Wellington Media Collective’s exhibition, Unrefined, opens at the new Refinery Artspace in Hardy Street on Monday October 12 and runs through to Saturday November 7. Curator Chris McBride, who originally hails from Nelson and is one of the founders of Wellington Media Collective (WMC), has selected for display a large body of WMC work, much of which he had a part in creating. The exhibition weaves a story of political activism with a cultural history of performance and art, reflecting on the social, political, cultural and economic trends of the era (1978 to 1998). It’s a rare opportunity to see a significant piece of New Zealand history before it is permanently archived. Don’t miss the floor talk featuring Chris and fellow artists on Tuesday October 13.
Highlights of week three
Presented as a work-in-development at last year’s festival, The Grooves! Triple Bill is a series of short, entertaining vignettes, danced in contemporary ballet style to eclectic pieces of classic rock involving both professional and emerging NZ dancers.
“It represents our approach of investing in artists rather than art product,” Padma says.
The inner-city-wide Mask Exhibition commences on Sunday October 18, in the lead up to the Nelson Arts Festival’s iconic community celebration, the Mask Carnivale. Inspired by the teddy bear in the window craze during the lockdown, look out for masks appearing all over town in shop fronts and other visible (and sometimes surprising) places.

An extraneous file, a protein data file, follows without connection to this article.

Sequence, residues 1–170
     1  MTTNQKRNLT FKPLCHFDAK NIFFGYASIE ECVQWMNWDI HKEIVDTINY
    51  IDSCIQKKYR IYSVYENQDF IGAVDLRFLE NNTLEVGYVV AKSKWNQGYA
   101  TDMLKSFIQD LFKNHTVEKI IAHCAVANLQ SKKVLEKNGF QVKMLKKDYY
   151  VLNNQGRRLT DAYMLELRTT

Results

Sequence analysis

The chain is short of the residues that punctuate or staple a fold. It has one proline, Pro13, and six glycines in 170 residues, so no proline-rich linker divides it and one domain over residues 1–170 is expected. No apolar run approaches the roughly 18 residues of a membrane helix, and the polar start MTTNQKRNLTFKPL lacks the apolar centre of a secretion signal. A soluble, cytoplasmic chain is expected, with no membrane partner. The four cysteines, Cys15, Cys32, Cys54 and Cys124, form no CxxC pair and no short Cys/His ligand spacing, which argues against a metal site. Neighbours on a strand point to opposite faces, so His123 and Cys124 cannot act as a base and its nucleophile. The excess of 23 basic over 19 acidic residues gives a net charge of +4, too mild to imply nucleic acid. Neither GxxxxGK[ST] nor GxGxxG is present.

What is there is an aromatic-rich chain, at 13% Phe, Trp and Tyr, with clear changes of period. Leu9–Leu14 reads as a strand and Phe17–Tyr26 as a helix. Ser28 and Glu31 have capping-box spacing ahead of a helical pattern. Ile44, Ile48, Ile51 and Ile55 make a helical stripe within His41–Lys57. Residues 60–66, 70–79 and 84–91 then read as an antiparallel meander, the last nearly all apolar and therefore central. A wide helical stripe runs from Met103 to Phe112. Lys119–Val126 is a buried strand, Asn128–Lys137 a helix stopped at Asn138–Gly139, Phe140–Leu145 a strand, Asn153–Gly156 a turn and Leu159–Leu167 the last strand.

The first collaborative literary event will be held at Red16 in New Street on Tuesday October 20, when the hilarious and sprightly octagenarian poet Rachel McAlpine headlines the October gathering of the Nelson Live Poets Society.
Highlights of week four
Extraordinary and inspirational solo vocalist Estère is performing on Thursday October 22 and Friday October 23 at the Theatre Royal. She’s been described by Pantograph Punch, for whom she has been ‘artist in residence’, as both a musician and empress of electric blue witch-hop. The New Zealand Herald has called her sonic amalgamations “a beautiful mix of everything the music world is lauding and lusting after right now”.